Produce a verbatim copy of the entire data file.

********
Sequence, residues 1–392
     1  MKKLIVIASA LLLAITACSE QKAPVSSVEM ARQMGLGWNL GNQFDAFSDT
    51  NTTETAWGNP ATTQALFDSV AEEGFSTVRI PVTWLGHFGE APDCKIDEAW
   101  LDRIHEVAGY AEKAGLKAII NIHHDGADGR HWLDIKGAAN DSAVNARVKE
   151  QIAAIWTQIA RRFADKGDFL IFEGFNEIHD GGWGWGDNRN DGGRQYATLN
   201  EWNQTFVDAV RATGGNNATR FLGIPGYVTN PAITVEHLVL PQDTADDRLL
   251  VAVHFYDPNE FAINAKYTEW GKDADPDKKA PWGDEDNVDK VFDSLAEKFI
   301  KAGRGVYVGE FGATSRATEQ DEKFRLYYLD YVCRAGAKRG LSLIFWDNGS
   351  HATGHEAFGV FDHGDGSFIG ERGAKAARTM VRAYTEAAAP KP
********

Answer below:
Sequence, residues 1–392
     1  MKKLIVIASA LLLAITACSE QKAPVSSVEM ARQMGLGWNL GNQFDAFSDT
    51  NTTETAWGNP ATTQALFDSV AEEGFSTVRI PVTWLGHFGE APDCKIDEAW
   101  LDRIHEVAGY AEKAGLKAII NIHHDGADGR HWLDIKGAAN DSAVNARVKE
   151  QIAAIWTQIA RRFADKGDFL IFEGFNEIHD GGWGWGDNRN DGGRQYATLN
   201  EWNQTFVDAV RATGGNNATR FLGIPGYVTN PAITVEHLVL PQDTADDRLL
   251  VAVHFYDPNE FAINAKYTEW GKDADPDKKA PWGDEDNVDK VFDSLAEKFI
   301  KAGRGVYVGE FGATSRATEQ DEKFRLYYLD YVCRAGAKRG LSLIFWDNGS
   351  HATGHEAFGV FDHGDGSFIG ERGAKAARTM VRAYTEAAAP KP